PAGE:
The effects of type 1 diabetes on cerebral white matter

Behavioral and Mental Health Research Joslin Diabetes Center, One Joslin Place Suite 350, Boston, MA 02459, USA.
Diabetologia (Impact Factor: 6.67). 04/2008; 51(3):417-25. DOI: 10.1007/s00125-007-0904-9
Source: PubMed


Studies investigating the structure, neurophysiology and functional outcomes of white matter among type 1 diabetes patients have given conflicting results. Our aim was to investigate the relationship between type 1 diabetes and white matter hyperintensities.
We assessed white matter integrity (using magnetic resonance imaging), depressive symptoms and neuropsychological function in 114 type 1 diabetes patients and 58 age-matched non-diabetic controls.
Only Fazekas grade 1 and 2 white matter hyperintensities were found among 114 long-duration, relatively young diabetes patients; the severity of lesions did not differ substantially from 58 healthy controls. White matter hyperintensities were not associated with depressive history or with clinical characteristics of diabetes, including retinopathy, severe hypoglycaemia or glycaemia control.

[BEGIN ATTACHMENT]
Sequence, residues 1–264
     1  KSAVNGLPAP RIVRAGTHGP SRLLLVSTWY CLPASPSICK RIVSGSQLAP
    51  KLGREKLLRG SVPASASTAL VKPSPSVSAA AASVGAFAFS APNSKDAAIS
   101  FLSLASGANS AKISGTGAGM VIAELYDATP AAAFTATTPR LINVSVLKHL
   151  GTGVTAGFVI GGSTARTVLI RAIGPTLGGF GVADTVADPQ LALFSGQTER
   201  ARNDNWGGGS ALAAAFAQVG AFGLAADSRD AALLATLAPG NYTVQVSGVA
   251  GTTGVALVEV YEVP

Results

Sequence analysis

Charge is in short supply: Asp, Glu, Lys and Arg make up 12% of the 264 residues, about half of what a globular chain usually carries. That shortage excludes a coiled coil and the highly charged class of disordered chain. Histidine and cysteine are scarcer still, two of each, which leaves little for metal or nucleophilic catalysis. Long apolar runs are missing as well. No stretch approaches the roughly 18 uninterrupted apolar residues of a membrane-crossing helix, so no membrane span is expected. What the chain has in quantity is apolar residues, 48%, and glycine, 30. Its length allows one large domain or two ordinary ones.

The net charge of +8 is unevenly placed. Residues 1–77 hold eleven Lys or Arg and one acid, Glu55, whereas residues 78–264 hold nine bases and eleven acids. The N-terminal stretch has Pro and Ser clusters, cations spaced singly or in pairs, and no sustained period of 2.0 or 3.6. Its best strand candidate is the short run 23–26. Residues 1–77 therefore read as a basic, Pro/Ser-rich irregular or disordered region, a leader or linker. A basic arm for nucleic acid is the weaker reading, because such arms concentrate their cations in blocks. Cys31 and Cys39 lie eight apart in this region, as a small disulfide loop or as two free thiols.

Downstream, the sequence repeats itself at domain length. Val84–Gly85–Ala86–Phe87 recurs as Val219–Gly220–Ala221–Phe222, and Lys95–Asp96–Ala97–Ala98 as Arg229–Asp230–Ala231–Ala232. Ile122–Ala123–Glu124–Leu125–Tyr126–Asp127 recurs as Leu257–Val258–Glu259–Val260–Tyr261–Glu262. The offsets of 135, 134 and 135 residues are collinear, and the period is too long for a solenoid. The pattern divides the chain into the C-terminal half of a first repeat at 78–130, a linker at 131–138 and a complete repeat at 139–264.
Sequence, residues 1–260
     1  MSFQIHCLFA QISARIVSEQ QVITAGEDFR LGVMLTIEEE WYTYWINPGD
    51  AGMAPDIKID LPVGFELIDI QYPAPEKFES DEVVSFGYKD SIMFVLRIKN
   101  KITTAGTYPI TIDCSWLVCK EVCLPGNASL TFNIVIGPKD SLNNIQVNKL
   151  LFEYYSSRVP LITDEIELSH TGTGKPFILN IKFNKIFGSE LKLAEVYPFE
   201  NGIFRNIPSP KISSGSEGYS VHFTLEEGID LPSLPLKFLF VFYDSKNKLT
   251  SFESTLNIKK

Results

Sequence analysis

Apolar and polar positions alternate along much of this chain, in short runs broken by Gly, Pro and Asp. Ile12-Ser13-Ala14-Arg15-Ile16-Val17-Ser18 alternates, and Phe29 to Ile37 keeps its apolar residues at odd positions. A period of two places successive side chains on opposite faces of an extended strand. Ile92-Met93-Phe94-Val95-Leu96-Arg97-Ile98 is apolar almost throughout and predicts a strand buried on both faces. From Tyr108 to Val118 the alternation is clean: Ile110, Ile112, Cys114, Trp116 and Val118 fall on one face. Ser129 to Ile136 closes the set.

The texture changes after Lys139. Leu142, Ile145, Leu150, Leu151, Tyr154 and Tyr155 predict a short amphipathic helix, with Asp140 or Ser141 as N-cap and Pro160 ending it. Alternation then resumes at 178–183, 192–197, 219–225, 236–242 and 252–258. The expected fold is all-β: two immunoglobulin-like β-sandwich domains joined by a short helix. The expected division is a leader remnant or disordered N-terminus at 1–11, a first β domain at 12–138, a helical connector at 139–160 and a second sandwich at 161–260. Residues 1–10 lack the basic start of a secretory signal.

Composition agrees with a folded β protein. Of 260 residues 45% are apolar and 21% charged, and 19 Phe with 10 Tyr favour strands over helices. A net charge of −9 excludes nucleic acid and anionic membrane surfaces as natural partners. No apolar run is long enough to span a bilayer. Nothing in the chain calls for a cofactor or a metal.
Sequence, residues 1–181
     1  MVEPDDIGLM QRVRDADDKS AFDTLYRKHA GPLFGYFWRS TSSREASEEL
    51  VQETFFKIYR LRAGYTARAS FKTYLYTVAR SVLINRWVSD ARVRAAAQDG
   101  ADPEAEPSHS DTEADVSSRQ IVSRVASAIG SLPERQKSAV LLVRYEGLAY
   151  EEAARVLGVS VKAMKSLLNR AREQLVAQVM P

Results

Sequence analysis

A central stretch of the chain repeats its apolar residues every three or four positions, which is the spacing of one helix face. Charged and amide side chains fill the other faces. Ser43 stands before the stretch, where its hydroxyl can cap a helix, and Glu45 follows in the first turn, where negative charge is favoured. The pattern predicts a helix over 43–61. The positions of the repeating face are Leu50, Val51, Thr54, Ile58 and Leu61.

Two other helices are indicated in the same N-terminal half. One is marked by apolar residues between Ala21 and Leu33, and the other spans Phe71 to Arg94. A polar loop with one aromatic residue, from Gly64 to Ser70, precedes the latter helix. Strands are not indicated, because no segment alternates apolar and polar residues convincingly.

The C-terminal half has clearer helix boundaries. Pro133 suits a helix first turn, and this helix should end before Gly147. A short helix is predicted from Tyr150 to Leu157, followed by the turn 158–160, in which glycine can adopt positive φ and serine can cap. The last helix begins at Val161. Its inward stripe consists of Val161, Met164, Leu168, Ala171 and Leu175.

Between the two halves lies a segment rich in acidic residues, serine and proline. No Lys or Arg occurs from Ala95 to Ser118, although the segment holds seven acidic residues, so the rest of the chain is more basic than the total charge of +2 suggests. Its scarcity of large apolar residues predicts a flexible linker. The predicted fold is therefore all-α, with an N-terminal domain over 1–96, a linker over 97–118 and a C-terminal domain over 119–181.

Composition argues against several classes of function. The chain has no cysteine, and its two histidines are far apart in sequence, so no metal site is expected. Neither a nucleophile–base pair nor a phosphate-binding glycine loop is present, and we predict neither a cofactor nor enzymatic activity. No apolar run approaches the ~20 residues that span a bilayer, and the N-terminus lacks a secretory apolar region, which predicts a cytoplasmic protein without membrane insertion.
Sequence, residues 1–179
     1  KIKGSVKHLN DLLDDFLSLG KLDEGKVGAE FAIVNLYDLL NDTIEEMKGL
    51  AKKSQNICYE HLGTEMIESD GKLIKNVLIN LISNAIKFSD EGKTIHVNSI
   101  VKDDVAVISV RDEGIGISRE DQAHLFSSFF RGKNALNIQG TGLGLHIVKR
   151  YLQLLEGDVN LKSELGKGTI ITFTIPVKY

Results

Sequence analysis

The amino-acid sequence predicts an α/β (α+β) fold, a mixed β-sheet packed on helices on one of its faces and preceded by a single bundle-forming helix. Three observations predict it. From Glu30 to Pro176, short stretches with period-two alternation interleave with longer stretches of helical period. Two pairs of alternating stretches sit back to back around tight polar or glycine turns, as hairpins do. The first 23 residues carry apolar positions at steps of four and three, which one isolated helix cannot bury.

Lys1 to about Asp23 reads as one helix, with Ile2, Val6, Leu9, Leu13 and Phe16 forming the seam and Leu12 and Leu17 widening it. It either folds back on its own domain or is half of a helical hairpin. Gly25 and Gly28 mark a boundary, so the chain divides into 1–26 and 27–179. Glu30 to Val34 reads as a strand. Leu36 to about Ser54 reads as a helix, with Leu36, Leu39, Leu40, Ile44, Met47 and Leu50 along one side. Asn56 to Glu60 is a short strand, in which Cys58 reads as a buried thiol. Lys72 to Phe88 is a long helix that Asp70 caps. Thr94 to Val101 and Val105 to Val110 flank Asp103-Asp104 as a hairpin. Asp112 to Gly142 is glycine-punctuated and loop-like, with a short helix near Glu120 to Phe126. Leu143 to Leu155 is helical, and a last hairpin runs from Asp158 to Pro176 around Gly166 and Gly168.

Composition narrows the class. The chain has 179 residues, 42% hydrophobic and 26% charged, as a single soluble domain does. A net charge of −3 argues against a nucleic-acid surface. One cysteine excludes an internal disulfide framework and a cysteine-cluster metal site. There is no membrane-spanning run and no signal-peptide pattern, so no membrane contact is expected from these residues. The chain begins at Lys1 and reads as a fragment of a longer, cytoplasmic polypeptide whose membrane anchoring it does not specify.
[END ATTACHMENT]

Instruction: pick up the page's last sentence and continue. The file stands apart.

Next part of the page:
Our data do not support an association between diabetes characteristics and white matter hyperintensities among relatively young type 1 diabetes participants.

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Available from: Gail Musen, Oct 09, 2014
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    • "Both T1DM and T2DM are important risk factors for decreased performance in several neuropsychological functions (Roriz- Filho et al., 2009). Recent studies of cognitive functioning in patients with T1DM show poorer performance across indices of information processing speed (Brands et al., 2006; Hershey, Bhargava, Sadler, White, & Craft, 1999; Ryan, Geckle, & Orchard, 2003; Ryan, Williams, Finegold, & Orchard, 1993; Wessels et al., 2006, 2007), deficits in vocabulary (Schoenle, Schoenle, Molinari, & Largo 2002; Weinger et al., 2008), general intelligence (Schoenle et al., 2002; Northam et al., 2001), visuoconstruction (Ryan et al., 1993; Wessels et al., 2006), attention (Wessels et al., 2007), somatosensory perception, motor ability, memory (Weinger et al., 2008), and executive functions (Northam et al., 2001; Wessels et al., 2007). In comparison, cognitive problems in T2DM are most often linked to verbal learning and memory (Awad, Gagnon, & Messier, 2004; Grodstein, Chen, Wilson, & Manson, 2001), executive functions including mental flexibility and working memory (Awad et al., 2004; Fontbonne, Berr, Ducimetiere, & Alperovitch, 2001; Munshi et al., 2006), and speeded processing and complex psychomotor abilities (Munshi et al., 2006; Reaven, Thompson, Nahum, & Haskins, 1990). "